Sustainable investments: three myths to dispel

Performance, longevity and interest: these are the false myths to dispel in relation to sustainable investments

Micheile Henderson on Unsplash

Although we hear more and more talk of sustainable investments, there is still a lot of work to do, especially in terms of information on the subject. Today I want to dispel 3 myths concerning this category of investments that are increasingly in demand.

Performance myth

One of the myths about sustainable investing is that they have historically had lower returns than traditional investments. Choosing sustainable funds or ETFs is expected to have a negative impact on performance. A study by the Morgan Stanley Institute for Sustainable Investing on the performance of nearly 11,000 funds between 2004 and 2018 shows that there is no substantial difference in return between sustainable investments when compared with traditional ones; on the other hand, the former have a downside risk of around 20% lower (ie when the market goes down, sustainable investments go down less than traditional ones).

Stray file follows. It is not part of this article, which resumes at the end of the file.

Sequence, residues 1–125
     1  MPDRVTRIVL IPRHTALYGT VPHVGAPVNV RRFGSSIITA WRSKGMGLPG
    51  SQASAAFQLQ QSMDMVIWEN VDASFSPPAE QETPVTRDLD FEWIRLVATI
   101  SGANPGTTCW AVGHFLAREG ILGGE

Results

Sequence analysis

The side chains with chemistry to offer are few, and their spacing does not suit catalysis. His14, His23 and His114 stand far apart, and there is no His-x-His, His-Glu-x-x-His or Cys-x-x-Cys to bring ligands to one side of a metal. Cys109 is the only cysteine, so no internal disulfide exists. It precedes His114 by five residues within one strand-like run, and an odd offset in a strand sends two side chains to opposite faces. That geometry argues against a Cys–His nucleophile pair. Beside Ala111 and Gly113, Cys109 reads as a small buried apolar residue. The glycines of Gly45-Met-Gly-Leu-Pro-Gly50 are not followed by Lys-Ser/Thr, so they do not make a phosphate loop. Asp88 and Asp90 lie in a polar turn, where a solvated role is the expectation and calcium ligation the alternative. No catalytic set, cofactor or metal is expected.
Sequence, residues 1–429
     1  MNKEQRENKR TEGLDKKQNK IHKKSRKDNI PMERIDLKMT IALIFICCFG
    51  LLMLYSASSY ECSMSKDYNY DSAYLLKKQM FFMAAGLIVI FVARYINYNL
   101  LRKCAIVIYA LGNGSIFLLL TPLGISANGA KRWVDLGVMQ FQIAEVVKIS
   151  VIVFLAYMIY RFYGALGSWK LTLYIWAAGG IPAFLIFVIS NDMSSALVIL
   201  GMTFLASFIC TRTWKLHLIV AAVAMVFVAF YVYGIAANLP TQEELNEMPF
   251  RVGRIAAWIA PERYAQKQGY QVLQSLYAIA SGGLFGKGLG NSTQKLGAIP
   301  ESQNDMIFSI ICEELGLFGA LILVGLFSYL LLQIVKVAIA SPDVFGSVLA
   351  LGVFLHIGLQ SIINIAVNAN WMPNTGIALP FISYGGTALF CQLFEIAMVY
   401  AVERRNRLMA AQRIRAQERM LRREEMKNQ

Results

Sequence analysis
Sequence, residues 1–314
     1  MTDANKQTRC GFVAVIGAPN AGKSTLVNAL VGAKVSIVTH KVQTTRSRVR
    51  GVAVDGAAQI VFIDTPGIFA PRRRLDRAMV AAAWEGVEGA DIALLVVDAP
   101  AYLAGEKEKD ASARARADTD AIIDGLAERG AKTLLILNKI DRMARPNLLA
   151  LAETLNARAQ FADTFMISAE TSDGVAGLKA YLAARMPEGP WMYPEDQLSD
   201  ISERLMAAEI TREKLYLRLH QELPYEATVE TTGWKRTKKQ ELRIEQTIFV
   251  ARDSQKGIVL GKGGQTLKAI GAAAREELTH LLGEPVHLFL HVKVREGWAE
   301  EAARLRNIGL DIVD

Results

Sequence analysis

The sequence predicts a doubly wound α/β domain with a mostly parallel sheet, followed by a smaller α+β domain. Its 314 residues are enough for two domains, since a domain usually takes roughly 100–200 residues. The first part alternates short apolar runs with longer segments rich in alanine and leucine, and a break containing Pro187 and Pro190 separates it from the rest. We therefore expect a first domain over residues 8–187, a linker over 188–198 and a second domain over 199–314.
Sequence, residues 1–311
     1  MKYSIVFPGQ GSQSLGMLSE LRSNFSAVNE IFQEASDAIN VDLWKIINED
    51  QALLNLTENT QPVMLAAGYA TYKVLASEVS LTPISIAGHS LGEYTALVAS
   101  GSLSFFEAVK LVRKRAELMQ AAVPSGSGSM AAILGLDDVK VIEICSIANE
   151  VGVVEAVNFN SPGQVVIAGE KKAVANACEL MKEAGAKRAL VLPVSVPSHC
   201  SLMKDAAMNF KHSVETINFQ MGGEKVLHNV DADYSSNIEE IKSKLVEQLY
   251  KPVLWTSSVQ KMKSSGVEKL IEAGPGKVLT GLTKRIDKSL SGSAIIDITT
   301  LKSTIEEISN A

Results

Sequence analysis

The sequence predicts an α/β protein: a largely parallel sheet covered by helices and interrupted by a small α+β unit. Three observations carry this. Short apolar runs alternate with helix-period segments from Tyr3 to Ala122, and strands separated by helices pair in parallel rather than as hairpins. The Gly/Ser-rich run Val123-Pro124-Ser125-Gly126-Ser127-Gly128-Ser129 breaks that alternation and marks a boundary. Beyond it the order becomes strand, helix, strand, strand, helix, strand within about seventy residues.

Myth of longevity

There are those who think that sustainable investments are a fad, a sort of bubble from which it is better to stay away. The numbers show the opposite: the trend is growing and is only just beginning. The Green Bond market was almost non-existent in 2010, while in 2019 it amounted to about 257.7 billion dollars. According to a Morningstar research, sustainable investments as a whole have now exceeded 1 trillion dollars. Below a graph taken from Climate Bonds Initiative – First Half 2020 Report: despite the pandemic underway, the numbers for the first half are encouraging.

Myth of interest

Have you ever heard someone say that “it is mainly women and young people who are interested in sustainable investments”? I do, and I tell you it is false. The reality is that 80% of investors are allocating more resources to improve their ESG knowledge and 91% of sophisticated investors integrate ESG variables into their investment process. This is demonstrated by an “ESG Study: How Institutional Investors Adopt Responsible Investing” by Franklin Templeton in 2020.

Sustainable investments will continue to accompany us for a long time as more and more people understand that a new approach to finance is needed and expect more attention on sustainable practices from businesses.

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